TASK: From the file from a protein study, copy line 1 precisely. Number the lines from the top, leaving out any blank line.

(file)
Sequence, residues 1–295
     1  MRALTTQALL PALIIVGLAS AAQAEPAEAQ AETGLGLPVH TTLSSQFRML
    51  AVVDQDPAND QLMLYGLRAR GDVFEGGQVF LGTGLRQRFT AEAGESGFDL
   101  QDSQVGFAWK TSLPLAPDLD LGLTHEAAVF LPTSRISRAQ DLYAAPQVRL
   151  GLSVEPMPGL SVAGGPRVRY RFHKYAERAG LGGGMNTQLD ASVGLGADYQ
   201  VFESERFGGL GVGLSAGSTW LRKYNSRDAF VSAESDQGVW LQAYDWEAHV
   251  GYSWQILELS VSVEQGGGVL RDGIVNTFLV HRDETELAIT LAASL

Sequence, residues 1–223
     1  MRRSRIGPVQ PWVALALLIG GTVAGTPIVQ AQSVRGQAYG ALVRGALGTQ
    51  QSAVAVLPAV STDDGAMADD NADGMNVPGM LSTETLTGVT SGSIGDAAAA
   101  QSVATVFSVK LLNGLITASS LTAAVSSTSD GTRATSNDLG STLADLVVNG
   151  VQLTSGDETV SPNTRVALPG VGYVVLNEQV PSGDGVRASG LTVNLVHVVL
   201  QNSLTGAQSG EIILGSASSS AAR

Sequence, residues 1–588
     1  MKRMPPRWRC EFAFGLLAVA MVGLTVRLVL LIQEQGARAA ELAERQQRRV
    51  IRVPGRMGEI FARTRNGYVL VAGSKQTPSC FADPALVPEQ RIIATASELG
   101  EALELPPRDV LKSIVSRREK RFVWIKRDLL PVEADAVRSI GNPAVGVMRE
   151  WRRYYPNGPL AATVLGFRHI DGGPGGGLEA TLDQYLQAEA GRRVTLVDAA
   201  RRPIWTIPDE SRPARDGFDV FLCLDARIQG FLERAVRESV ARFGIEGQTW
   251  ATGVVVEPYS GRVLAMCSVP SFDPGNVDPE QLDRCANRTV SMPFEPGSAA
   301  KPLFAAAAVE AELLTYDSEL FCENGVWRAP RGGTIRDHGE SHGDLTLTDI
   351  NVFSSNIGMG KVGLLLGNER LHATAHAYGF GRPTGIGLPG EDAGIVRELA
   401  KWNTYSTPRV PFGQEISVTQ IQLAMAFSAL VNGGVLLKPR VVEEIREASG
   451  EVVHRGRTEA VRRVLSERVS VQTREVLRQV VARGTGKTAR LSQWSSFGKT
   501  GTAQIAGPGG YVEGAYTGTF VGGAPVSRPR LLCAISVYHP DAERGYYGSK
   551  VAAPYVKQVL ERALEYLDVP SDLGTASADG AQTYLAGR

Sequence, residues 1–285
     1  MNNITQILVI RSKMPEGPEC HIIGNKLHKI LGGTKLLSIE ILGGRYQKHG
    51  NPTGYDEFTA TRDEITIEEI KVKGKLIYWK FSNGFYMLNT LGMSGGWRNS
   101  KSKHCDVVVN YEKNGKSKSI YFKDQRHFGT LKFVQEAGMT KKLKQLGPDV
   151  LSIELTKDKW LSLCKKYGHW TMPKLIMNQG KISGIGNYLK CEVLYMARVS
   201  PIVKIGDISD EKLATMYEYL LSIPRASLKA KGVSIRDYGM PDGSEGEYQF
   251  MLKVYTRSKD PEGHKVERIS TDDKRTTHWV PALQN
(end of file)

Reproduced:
Sequence, residues 1–295